Yoga is a sacred ritual in Indian culture where it has been practiced for over 5,000 years. It became popularized in the west during the 1980s, where it soon blossomed into a $16 billion-dollar industry. Now combining a traditional and modern perspective, yoga is an individual interpretation which makes it a uniquely personal practice.
The Roots of Yoga
Due to its ability to bolster mental health and alleviate anxieties and stress, yoga has recently seen a boost in popularity in countries going through change, trauma, and political friction. The yoga philosophy of mindfulness and a meditative state has become mainstream with more than 37 million Americans practicing today. Because of this surge, the number of studios, online courses, and free yoga videos is predicted to skyrocket even higher in the next year.
Amidst the gradually expanding yoga community, the conversations around mental health have grown as well. This has inspired a self-care movement throughout the social media platforms. In 2016, 56% of Americans started practicing yoga for stress release. This makes the foundation of yoga currently an emotional one, with people flocking to their mats for release and renewal.
With its heightened popularity, it’s not surprising that the entire month of September is dedicated to yoga. However, it’s not necessarily because of the poses, tradition, or modern view, but for how it brings people together. Yoga has the power to unite, to shed light on vulnerability, and welcome the emotions that come forth. Each time we flow we learn more about ourselves. Yoga is a guru and therapist all in one. Giving us the permission to trust ourselves, to listen, and find the answers within our movement.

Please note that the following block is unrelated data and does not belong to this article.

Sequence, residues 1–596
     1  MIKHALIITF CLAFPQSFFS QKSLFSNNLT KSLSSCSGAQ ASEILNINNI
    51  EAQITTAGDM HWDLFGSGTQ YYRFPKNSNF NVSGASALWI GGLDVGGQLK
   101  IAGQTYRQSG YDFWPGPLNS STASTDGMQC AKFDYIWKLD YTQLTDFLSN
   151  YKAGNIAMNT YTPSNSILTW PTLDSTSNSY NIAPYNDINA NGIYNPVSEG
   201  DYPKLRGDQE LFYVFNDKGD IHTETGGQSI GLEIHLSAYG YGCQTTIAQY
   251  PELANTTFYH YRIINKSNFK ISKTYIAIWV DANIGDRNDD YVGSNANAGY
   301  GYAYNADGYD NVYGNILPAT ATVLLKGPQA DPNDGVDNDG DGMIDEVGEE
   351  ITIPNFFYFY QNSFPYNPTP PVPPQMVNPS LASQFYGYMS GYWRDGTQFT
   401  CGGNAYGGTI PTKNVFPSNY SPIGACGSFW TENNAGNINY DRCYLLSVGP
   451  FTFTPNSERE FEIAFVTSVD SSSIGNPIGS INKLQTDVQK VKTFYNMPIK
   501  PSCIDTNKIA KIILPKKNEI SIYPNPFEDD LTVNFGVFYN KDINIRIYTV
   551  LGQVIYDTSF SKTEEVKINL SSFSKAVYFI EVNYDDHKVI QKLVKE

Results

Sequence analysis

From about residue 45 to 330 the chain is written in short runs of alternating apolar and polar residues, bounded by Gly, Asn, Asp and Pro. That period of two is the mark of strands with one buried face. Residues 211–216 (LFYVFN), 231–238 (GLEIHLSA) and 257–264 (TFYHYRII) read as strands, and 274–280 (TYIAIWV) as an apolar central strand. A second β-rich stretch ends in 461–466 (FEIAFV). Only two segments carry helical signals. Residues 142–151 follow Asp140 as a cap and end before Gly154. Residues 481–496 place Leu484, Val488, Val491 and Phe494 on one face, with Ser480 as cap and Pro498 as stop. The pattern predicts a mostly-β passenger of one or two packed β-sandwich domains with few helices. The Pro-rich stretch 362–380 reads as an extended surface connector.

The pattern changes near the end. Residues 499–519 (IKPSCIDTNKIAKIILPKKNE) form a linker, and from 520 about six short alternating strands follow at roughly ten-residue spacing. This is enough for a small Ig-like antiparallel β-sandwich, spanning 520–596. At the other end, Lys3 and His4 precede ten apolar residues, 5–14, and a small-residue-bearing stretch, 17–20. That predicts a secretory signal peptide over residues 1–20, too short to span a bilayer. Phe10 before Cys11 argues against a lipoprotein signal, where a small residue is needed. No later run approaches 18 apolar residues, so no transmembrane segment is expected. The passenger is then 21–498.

The roots of yoga are not only spiritual but scientific.
Health Benefits of Yoga
Our well-being is engaged with each pose, transition, and moment of stillness. The mind benefits each time we flow – significantly improving mood and reducing the symptoms of depression and anxiety. Yoga is one of the few stress-relief tools that have a positive effect on all parts of the body. Even our second brain, the gut, benefits. As our kefir helps regulate the good bacteria in your belly, the twisting and turning actions of certain positions can help move things along as well.
People who maintain a regular yoga practice are also likely to experience:
- Improved posture
- Better breathing
- Increased flexibility
- Relief from chronic pain
- Better digestion
- Lowered blood pressure
- Weight loss/weight maintenance
The next time you step on your mat, take a moment to acknowledge why you did.